The Boston Bruins did just about everything they could against the Carolina Hurricanes Thursday night at the TD Garden. They won over 70 percent of their face-offs. They hit hard and often. And they ripped shot after shot after shot at goalie Cam Ward.
They just couldn’t score.
Ward saved all 47 shots against him Wednesday, and the Hurricanes scored in each period to beat the Bruins, 3-0. With the win, the Hurricanes completed their first season-sweep of the Bruins in franchise history.
Ward Unflappable in Goal
The Bruins put Ward to work almost instantly Wednesday night. David Krejci won the opening faceoff – one of 38 faceoff victories – and the Bruins went on the attack. Tyler Seguin and Chris Kelly both fired at Ward within the first two minutes of the game, but Ward turned them both aside.
The Bruins kept this attack up throughout the period, hammering but never fooling Ward. They couldn’t even score when Brad Marchand stole a puck in the Hurricanes’ zone and found Patrice Bergeron wide open in the slot.
Ward’s defense backed him up by rarely allowing loose pucks to bounce the Bruins’ way. The Bruins had plenty of scoring chances, but they had very few second or third chances. That meant Ward could get back into position after every shot, never getting caught out of the goal or turned the wrong way.
Unable to score despite 22 first-period shots, the Bruins came out of the first intermission clearly dejected. They took just five shots in the second, unable to muster the same ferocity with which they played the first. That dejection turned into frustration in the third, when the Bruins took 20 more shots.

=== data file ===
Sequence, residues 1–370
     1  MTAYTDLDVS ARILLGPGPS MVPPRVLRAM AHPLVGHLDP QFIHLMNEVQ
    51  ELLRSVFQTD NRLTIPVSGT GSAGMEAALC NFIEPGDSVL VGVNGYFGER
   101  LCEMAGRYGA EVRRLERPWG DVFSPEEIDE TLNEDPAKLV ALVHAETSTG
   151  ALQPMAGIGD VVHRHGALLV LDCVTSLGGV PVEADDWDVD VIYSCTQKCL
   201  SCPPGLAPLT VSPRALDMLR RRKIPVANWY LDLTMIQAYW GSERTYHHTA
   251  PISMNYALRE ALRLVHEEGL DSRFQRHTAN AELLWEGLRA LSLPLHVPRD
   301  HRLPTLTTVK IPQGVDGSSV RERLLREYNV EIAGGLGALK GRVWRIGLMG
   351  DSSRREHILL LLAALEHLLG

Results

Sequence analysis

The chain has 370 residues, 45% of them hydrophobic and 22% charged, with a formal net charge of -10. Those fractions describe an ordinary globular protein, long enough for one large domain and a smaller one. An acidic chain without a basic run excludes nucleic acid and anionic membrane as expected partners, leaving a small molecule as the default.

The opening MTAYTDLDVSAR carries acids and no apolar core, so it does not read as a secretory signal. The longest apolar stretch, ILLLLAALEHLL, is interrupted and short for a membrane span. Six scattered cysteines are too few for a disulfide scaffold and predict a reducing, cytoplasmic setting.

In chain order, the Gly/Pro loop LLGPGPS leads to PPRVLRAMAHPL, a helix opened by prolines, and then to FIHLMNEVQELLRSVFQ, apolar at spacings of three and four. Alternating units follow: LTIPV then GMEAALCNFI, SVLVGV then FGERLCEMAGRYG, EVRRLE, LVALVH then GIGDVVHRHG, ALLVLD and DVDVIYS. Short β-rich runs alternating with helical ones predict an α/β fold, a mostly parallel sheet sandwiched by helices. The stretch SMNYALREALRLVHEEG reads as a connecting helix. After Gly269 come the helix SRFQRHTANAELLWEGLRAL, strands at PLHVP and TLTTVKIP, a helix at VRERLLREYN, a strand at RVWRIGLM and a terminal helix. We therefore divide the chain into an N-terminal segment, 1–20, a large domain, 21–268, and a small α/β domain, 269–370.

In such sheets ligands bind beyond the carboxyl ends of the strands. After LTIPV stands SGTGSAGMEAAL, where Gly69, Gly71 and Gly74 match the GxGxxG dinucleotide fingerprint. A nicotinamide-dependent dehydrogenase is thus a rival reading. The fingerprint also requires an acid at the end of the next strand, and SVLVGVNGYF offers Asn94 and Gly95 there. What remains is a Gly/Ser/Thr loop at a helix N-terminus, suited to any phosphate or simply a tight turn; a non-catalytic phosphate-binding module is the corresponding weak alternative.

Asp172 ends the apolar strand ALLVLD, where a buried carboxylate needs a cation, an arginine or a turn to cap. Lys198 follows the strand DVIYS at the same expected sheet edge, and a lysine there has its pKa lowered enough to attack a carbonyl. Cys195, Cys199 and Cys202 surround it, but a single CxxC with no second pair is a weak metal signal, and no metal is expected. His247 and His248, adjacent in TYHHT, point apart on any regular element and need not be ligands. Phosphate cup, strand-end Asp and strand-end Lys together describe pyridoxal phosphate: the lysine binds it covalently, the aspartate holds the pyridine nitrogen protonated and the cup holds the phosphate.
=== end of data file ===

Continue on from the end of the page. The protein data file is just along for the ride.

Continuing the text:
Ward turned aside all 20 shots, and the Bruins finally lost their composure. Given two third-period power plays that could have helped the Bruins get back into the game, they shortened both with penalties of their own. They killed their second play just eight seconds in, when Marchand slashed defenseman Bryan Allen.
Defensive Miscues Cost Bruins
The Hurricanes scored all three goals through aggressive fore-checking that led to defensive mistakes by the Bruins. When center Tuomo Ruutu jammed Johnny Boychuk at the goal line, bending Boychuk’s arm awkwardly into the boards and temporarily sending him off the ice, Jiri Tlusty swooped in grabbed the puck. Tlusty sent the puck through the crease to Eric Staal, who one-timed it past Tuukka Rask for the 1-0 lead at 11:51.
Aggressive offense paid off again in the second, when Anthony Stewart sent a moon shot over the blue line. The puck bounced in between Andrew Ference and Adam McQuaid, but neither took control, staring at each other as the puck stayed in no man’s land.
Rather than give up on the play, Brandon Sutter burst through the two defenders, firing off a shot that forced Rask to sprawl to deflect the pass. Ruuttu grabbed the rebound, spinning and backhanding the puck into the open net for a 2-0 lead with just over three minutes left in the second.
Sutter earned his second point of the night early in the third period, when Rask skated behind the goal, corralling a loose puck and slinging it away along the boards. Andreas Nodl jumped in front of the pass, grabbing the puck by the right circle and quickly getting it to a nearby Sutter.
Sutter immediately fired off a wristshot from just outside the slot, catching Rask slightly off-guard and putting the Hurricanes ahead 3-0. The goal silenced the TD Garden crowd and killed any lingering hopes that the Bruins might at least tie the game.
Poor Start to Second Half
The Bruins have not played well in two games following the All-Star Break, giving up six goals on defense and lacking balance between the lines on offense. For the Bruins to re-take the top spot in the Eastern Conference, they’ll need to fix both of these problems. They can’t continue to play lackadaisically on defense, allowing aggressive but untalented teams like the Hurricanes to dictate what happens once the puck crosses the blue line. And they can’t settle for one good shift, followed by a couple of bad ones.
The Marchand-Bergeron-Seguin line (which has three of the top five goal- and point-scorers on the team) can’t continue to do it all. Another line must step up to share the responsibility.